Spring is rhubarb season. Fresh rhubarb is available for just three months a year, so do something special with it. A few ideas:
Stewed rhubarb or rhubarb compote, delicious as a side with ham, pork and poultry
Rhubarb ice cream
Rhubarb tarts, crisps and other baked goods (substitute rhubarb for apples or pears in your favorite recipes)
Technically, rhubarb is a vegetable, a member of the sorrel family. Before it was sweetened by British cooks, it was added to soups (try it in lentil soup), sauces and stews—Moroccan tagines and Middle Eastern stews, for example. Be sure to cook only the stems; the leaves are mildly toxic.
For Easter, how about a strawberry-rhubarb pie or raspberry-rhubarb pie. Here’s a recipe.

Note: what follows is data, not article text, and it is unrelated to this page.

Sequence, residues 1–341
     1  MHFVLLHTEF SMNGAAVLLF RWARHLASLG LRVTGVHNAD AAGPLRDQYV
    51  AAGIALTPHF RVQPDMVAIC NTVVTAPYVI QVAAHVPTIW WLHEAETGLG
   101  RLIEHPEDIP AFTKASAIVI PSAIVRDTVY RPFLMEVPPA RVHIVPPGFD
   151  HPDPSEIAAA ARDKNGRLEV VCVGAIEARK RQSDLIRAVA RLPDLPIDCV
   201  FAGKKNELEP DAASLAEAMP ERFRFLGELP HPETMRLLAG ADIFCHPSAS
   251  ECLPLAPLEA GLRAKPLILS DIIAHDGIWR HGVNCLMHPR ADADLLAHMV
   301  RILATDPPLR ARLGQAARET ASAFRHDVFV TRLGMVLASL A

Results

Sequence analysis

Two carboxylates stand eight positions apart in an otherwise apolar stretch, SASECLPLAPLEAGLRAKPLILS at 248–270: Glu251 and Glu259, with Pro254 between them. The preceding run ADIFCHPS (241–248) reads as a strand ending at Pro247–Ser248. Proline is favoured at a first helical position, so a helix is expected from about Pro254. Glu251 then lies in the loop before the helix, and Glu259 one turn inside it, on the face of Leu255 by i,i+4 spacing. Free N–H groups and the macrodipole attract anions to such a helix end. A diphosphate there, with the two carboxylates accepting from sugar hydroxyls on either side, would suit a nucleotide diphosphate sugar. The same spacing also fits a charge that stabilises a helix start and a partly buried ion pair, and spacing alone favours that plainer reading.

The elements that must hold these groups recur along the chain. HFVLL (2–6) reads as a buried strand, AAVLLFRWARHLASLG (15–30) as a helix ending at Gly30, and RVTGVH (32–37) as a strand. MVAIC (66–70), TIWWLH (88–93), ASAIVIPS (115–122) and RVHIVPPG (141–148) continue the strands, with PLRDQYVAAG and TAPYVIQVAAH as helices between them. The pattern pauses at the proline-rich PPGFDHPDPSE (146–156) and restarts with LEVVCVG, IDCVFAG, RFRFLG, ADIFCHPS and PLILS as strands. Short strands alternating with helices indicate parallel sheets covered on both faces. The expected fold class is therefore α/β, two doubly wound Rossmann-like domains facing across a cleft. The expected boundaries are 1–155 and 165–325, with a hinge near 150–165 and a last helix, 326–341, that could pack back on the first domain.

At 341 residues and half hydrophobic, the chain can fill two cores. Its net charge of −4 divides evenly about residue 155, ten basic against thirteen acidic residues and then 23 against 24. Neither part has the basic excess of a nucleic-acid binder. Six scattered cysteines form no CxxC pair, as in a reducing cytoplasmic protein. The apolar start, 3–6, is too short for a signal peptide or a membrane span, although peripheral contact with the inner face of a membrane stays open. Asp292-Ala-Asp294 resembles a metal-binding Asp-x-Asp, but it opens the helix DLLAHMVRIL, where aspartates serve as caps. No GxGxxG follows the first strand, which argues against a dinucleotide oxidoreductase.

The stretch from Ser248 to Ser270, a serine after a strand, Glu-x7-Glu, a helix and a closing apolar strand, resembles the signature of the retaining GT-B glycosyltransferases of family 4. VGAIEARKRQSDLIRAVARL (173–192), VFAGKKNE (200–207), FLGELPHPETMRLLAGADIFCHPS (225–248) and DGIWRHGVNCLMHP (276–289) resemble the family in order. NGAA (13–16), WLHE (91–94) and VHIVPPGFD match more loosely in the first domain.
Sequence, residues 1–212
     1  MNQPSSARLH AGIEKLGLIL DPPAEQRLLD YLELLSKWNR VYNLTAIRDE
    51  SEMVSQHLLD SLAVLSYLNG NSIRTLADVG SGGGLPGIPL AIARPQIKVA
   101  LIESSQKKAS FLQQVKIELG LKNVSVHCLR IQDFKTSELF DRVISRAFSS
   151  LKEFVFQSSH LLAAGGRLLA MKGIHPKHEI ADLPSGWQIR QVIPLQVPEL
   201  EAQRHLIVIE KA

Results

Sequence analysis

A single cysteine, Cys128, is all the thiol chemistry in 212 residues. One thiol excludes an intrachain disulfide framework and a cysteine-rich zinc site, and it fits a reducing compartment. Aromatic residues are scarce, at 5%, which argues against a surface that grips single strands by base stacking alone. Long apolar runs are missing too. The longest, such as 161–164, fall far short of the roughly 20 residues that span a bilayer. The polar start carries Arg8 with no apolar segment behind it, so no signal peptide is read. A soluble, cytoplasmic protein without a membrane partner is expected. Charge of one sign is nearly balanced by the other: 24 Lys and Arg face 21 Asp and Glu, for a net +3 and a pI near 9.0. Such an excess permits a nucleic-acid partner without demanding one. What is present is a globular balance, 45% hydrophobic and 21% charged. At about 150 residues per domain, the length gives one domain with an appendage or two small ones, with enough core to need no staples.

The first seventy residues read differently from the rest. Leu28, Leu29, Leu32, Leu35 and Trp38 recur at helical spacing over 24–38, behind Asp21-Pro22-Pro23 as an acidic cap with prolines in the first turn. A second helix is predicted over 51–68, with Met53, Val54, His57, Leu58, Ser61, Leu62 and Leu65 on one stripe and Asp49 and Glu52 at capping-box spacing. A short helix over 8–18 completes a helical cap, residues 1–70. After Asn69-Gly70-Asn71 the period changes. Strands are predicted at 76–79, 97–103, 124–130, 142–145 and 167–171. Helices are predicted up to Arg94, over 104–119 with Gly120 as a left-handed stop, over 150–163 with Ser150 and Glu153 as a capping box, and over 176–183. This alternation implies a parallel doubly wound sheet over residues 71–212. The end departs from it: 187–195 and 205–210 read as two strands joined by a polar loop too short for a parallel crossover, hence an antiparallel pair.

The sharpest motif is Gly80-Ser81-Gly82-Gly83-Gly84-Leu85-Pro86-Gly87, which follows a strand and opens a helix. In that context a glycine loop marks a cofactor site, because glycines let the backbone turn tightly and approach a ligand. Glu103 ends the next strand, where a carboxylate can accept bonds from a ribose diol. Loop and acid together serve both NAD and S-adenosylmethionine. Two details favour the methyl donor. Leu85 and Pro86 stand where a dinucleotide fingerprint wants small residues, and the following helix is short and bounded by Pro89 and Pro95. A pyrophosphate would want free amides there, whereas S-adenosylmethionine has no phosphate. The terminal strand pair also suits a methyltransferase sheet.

LATTICE PIE CRUST
Make your Easter pie extra-special with a lattice crust. The top crust of any fruit pie can be replaced with a lattice crust.
Apple and pear pies need a tight lattice so the fruit doesn’t dry out. You can use a loose lattice (more space between the strips of dough) when baking berry, cherry, rhubarb and stone fruit pies, because the fruits have more moisture.
Here’s a lattice tip from Lauren Chattman, author of The Baking Answer Book:
Instead of weaving the lattice on top of the filled pie, start with a cardboard cake circle set atop a baking sheet.
Cut the dough into 13-inch strips and weave the lattice on the cardboard.
Place the baking sheet in the freezer for 15 minutes to firm up the lattice.
Slip the lattice from the cardboard onto the pie.
Adjust the lattice strips to make them even, if required. Trim the ends and crimp onto the pie plate. Bake.
 Strawberry-rhubarb pie with a lattice crust. These lattice strips are very wide and quicker to weave, but are not as elegant as the thin strips in the photo below (photos #1 and #2 © King Arthur Flour).
 Lattice strips can be much thinner, and can be cut with a crimped dough cutter.